The restrictions on forfeiture for non-payment of rent imposed in March 2020 were onerous to commercial landlords. This is because forfeiture of leases for breach of the covenant to pay rents is one of the most powerful remedies available to a commercial landlord.
For solely commercial leasehold premises, landlords have a right to forfeit by peaceable re-entry and thus do not have to first serve a statutory notice of the breach on the tenant under section 146 of the Law of Property Act 1925. Whilst tenants will nearly always be granted relief from forfeiture by the court if they apply and pay any arrears either before the hearing of an application for relief or as a condition of the relief being granted by the court, the tenant will usually be ordered to pay the landlord’s costs of the application.
Professional advice should always be taken prior to exercising a right to forfeit as some statutory restrictions do exist. For example, a lease of both commercial and residential premises cannot be forfeited by peaceable re-entry. Advice on whether a right to forfeit has been waived should also be sought. This will be particularly important given that any right to forfeit not expressly waived prior to 25 March 2022 could now be waived by conduct.
If a right to forfeit has been waived, then the tenant could apply for a declaration that the lease has been wrongfully forfeit, usually alongside an alternative application for relief. If the court holds that the lease has been wrongfully forfeit, then the court can order the landlord to pay the tenant’s costs of the application.
Equally, professional advice will now also need to be taken to establish whether the rents for which the landlord wishes to forfeit are “protected rent debts”. Any forfeiture for protected rent debts would be ‘wrongful’ – i.e. unlawful – and could, for example, expose the landlord to costs liability in any court proceedings, and potentially also further financial liabilities insofar as the forfeiture leads to loss and damage to the tenant.
Commercial rent arrears recovery (CRAR) is the method of enforcement to recover arrears of rent which replaced and abolished the common law remedy of distress in April 2018.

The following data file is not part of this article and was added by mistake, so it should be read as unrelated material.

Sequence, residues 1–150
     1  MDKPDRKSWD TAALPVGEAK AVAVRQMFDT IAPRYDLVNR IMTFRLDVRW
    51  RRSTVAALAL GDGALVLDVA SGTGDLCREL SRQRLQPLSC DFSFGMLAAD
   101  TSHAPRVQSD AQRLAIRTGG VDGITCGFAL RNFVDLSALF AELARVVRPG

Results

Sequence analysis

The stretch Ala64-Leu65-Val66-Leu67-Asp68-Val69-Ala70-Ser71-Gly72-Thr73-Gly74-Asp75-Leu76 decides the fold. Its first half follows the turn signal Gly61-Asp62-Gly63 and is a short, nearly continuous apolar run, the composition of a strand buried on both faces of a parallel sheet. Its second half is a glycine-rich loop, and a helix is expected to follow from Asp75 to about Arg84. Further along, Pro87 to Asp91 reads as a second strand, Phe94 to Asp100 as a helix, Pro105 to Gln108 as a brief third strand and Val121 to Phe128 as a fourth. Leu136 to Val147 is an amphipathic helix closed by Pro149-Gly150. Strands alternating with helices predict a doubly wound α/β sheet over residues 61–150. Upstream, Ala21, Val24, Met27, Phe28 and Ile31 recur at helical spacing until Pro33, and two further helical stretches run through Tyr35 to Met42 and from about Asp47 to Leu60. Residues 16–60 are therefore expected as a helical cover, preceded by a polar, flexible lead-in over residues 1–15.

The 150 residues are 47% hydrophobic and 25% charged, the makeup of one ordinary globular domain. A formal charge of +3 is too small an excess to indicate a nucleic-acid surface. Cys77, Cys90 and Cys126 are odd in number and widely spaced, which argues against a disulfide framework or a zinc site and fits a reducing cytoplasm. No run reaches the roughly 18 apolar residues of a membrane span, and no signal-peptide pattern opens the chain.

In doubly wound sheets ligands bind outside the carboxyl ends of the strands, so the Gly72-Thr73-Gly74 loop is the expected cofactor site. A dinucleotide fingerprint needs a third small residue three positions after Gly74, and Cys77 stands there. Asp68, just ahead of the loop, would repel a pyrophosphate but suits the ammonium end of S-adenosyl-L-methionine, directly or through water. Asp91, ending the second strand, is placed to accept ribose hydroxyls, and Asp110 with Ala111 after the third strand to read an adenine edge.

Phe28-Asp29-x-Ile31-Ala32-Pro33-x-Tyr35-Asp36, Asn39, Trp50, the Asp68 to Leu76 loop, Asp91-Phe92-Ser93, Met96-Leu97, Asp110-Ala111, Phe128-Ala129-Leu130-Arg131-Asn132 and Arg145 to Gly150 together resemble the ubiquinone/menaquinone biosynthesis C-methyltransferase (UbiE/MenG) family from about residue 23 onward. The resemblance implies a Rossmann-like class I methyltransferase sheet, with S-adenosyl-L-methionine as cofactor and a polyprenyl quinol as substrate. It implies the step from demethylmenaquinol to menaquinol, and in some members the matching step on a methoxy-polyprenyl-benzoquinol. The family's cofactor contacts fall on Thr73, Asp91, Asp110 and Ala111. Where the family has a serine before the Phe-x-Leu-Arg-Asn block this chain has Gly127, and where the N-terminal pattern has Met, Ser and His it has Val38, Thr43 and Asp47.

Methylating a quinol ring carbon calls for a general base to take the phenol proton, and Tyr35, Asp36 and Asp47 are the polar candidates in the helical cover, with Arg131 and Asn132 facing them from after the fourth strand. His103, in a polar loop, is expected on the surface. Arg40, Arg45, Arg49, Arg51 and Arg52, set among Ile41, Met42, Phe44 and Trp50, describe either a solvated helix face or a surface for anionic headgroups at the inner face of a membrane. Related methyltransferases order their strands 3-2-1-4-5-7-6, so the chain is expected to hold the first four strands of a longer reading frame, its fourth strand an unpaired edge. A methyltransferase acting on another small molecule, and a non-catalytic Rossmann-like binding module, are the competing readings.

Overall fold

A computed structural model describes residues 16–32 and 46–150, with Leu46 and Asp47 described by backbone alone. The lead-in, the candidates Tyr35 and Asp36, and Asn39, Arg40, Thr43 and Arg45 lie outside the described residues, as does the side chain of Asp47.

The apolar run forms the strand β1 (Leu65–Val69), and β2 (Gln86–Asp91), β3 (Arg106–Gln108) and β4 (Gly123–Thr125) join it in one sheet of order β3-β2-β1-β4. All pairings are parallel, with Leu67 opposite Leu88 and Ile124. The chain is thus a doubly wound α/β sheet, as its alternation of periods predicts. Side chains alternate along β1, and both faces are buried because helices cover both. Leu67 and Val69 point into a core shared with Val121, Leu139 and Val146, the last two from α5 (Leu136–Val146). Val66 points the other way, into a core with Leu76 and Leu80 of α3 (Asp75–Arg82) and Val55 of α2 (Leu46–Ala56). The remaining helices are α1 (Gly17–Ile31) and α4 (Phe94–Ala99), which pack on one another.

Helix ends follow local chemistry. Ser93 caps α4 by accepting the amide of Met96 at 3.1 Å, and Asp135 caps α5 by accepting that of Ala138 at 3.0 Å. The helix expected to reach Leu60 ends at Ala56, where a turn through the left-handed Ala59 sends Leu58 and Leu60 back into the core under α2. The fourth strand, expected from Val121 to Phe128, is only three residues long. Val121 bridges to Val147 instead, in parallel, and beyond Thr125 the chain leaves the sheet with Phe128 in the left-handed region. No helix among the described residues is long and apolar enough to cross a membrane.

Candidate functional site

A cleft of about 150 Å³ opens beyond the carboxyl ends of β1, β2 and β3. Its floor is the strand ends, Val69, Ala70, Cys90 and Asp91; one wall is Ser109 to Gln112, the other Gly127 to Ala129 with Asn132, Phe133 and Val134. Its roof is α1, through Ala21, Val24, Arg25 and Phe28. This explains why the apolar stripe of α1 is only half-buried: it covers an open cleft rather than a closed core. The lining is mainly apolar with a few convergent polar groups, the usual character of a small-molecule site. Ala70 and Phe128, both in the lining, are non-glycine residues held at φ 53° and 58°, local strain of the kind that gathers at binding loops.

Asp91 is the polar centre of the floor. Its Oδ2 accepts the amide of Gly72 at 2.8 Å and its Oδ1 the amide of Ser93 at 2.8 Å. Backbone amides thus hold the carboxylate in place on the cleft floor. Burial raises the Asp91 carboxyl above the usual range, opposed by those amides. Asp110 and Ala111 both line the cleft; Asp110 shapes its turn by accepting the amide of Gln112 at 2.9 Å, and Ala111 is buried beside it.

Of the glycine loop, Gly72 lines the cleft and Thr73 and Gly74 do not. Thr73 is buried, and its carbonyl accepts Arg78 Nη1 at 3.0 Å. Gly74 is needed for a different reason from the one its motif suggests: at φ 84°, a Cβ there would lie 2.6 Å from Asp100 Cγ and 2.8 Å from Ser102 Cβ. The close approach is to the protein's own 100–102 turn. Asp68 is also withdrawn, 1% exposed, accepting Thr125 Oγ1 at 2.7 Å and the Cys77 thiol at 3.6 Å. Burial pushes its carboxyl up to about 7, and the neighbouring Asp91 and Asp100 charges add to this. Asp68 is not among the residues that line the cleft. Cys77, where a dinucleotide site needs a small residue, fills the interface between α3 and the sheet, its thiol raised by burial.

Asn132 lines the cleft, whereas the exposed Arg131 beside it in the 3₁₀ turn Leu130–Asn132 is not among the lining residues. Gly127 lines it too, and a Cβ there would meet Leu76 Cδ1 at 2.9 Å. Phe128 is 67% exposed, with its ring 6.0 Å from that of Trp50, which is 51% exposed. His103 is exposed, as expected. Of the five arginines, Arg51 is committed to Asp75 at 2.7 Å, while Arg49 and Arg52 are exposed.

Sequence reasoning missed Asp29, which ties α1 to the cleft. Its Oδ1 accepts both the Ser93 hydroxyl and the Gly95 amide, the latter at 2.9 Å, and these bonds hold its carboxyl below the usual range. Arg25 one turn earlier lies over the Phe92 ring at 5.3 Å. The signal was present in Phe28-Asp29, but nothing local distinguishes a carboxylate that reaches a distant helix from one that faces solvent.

CRAR allows an enforcement agent to take control of a tenant’s goods and sell them to recover arrears, but it requires notice to be given to the tenant prior to such action being taken. It also only applies to principal rent, VAT and interest, as opposed to any sums reserved as rent in a lease, and can only be exercised at commercial, as opposed to mixed-use, premises. CRAR also prescribes the method of sale of the goods seized.
For those reasons and others, CRAR is often seen as a diluted version of distress and can pose both administrative and practical challenges. This means that many landlords prefer not to exercise it, and elect, instead, to use other enforcement options open to them.
Professional advice should be taken to establish whether the arrears of rents for which the landlord wishes to exercise CRAR are “protected rent debts”.
The coronavirus restrictions imposed in March 2020, as subsequently amended, imposed no restrictions on landlords issuing claims under Part 7 or Part 8 of the Civil Procedure Rules in either the county courts or the High Court to recover arrears of rent from tenants.
Where elements of or all of the arrears of rents due under the terms of the lease is subject to a proviso that the tenant is not entitled to exercise a right of set-off, deduction or counterclaim in respect of rent payments, it may, in many 'Part 7 cases', be possible for a landlord to seek 'summary judgment' on its claim.
Summary judgment is a means of applying for a determination of a claim where the defendant has no real prospect of defending the claim and there is no other compelling reason why the claim should proceed to trial. The existence of a prohibition on set-off, deduction or counterclaim will often mean there is no real prospect of a tenant successfully defending a claim, particularly a claim for principal rent.
A rent arrears claim and an application for summary judgment on that claim, or the threat of such, can be a useful tool in a landlord's suite of remedies, particularly in the absence of the right to forfeit due to statutory restrictions, for three main reasons:
Professional advice should be taken to establish whether the arrears of rents for which the landlord wishes to commence a debt claim in civil proceedings are a “protected rent debt”. If they are and a landlord issues proceedings to recover the debt, then the tenant is likely to apply for a stay of the proceedings, which the court must grant, and the landlord could be ordered to pay the tenant’s costs of the proceedings up to that point.
The restrictions introduced in response to the coronavirus pandemic in March 2020 did not prevent the recovery of rent from former tenants and their guarantors.
A landlord may be able to recover rent arrears and other sums due under the lease from former tenants and their guarantors. However, landlords must be aware of the controls and strict timescales on the use of this remedy imposed by the Landlord and Tenant (Covenants) Act 1995 (LTCA).